Tuesday, June 17, 2014

Seaspan, Unions Enter Binding Arbitration

By Mark Edward Nero

Vancouver, British Columbia-based shipbuilder Seaspan on June 14 formally signed agreements with both the Canadian Merchant Service Guild and International Longshore Warehouse Union Local 400 to enter into binding arbitration/mediation to settle a labor dispute.

“Following extensive discussions with the Honorable Kellie Leitch, Minister of Labor and Minister of the Status of Women, Seaspan and both unions have agreed to allow the federal government to appoint an arbitrator who will run the process and be responsible for setting the terms of reference,” Seaspan announced in a news release.

Once the arbitration is complete, the outcome is binding and cannot be challenged by Seaspan or the unions. As part of the agreement, Seaspan has agreed to forgo new contract terms the company had planned to implement on June 9, and both unions have agreed not to strike.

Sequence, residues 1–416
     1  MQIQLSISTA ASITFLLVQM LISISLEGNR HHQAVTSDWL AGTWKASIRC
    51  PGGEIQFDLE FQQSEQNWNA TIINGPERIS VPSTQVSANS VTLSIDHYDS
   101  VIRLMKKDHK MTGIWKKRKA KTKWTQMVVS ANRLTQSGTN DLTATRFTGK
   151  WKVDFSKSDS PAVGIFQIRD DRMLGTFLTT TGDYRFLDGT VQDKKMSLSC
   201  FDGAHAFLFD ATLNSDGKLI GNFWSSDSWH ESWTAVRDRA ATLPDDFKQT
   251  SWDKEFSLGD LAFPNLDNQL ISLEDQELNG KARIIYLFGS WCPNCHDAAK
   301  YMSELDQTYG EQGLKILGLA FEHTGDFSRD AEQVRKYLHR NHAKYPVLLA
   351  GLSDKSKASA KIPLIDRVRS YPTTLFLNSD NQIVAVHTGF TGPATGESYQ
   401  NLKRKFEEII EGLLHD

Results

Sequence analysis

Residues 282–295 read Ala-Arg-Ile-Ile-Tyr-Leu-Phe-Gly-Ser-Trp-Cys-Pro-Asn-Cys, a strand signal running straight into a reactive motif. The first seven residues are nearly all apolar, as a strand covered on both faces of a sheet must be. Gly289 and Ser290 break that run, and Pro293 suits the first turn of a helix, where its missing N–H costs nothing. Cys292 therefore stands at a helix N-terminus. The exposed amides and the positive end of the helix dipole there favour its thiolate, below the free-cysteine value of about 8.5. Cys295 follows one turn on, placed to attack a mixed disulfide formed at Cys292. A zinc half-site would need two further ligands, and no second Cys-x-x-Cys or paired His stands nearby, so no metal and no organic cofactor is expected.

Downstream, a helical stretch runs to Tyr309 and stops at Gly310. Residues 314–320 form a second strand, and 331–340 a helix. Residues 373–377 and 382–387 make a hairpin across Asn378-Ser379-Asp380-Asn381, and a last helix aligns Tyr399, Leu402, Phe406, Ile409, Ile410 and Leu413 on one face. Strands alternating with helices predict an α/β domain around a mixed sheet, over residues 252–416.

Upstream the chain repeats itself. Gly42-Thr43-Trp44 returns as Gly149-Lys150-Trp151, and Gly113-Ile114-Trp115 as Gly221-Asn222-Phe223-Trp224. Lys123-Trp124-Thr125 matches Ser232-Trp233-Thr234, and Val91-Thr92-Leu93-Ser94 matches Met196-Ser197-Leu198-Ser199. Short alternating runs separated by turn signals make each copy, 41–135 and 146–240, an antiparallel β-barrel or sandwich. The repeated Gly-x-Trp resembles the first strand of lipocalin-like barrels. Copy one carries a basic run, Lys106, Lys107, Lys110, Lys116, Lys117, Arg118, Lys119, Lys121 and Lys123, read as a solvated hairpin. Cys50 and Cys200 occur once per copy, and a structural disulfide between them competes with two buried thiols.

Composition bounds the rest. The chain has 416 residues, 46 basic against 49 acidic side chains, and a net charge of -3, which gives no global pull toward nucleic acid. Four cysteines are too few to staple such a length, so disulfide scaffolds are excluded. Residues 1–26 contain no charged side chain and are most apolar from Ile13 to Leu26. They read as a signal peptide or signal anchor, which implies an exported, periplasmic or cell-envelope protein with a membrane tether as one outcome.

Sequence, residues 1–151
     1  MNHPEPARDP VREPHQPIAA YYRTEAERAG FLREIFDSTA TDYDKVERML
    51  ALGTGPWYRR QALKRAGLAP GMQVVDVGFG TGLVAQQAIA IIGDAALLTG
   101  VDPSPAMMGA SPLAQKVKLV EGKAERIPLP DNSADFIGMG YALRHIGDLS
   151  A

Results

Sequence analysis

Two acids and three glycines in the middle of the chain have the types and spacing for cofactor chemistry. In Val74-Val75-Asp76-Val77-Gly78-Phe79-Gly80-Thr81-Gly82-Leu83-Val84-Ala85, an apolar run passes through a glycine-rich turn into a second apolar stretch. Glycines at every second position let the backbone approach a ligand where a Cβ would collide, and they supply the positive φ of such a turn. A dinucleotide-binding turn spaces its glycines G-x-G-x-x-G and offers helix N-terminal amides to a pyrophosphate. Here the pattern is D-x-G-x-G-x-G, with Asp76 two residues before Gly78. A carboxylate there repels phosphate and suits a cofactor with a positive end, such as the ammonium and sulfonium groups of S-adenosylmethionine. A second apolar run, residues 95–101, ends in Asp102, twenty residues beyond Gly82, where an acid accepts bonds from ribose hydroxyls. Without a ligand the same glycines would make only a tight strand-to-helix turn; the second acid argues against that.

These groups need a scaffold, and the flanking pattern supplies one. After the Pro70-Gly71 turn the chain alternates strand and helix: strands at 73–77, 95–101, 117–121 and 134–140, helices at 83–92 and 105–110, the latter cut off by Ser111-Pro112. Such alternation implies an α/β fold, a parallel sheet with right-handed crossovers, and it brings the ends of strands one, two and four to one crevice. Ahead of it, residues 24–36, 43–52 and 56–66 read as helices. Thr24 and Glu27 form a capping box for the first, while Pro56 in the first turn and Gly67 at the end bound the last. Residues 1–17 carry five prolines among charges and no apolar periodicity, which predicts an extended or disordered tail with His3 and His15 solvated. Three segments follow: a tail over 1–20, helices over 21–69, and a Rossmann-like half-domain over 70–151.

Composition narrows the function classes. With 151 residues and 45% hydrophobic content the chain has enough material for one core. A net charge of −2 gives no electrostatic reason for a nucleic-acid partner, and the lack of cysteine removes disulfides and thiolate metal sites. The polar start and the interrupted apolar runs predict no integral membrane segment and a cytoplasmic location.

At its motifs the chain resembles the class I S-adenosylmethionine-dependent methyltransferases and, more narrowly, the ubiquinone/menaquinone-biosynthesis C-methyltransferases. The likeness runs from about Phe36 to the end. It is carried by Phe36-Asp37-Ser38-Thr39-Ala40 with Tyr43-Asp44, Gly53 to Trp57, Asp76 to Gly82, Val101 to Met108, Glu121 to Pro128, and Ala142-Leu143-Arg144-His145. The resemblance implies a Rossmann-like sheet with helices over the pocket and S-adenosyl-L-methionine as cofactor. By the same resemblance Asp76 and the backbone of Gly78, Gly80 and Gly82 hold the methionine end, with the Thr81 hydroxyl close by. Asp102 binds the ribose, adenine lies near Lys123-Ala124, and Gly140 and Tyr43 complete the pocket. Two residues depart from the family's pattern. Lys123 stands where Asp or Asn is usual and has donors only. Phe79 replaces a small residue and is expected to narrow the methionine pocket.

The new seven-year contract would have given tug crew members annual one percent pay increases the first four years, followed by 1.5 percent raises the next three years. But among the sticking points were Seaspan’s desire to gain more flexibility to outsource work, the ability to revise shift schedules and to slash benefits costs by more than half.

Now the contract is on hold as a new deal is being mediated.

“I am very pleased with this outcome,” Seaspan CEO Jonathan Whitworth said. “We look forward to working with both unions and the government appointed arbitrator to bring the contract negotiations to a close as quickly as possible.”

Arbitration comes after more than eight months of collective agreement negotiations between Seaspan and the Merchant Service Guild, which began Oct. 21, 2013. Membership of the Guild consists of about 200 captains, mates and engineers on Seaspan tugs.

Seaspan had also been negotiating with ILWU Local 400, which represents deckhands and cooks on Seaspan tug crews. On June 3, ILWU Local 400 voted unanimously in favor of striking; however the local’s president, Terry Engler said he was hopeful that discussions with the labor minister and Seaspan would lead to an agreement.